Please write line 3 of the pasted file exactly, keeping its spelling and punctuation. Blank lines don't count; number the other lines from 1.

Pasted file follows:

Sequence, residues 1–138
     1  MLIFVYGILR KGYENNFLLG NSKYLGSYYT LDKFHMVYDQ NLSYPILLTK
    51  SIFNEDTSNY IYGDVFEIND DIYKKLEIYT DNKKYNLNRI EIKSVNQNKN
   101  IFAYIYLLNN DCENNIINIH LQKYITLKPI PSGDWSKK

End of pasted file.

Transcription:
    51  SIFNEDTSNY IYGDVFEIND DIYKKLEIYT DNKKYNLNRI EIKSVNQNKN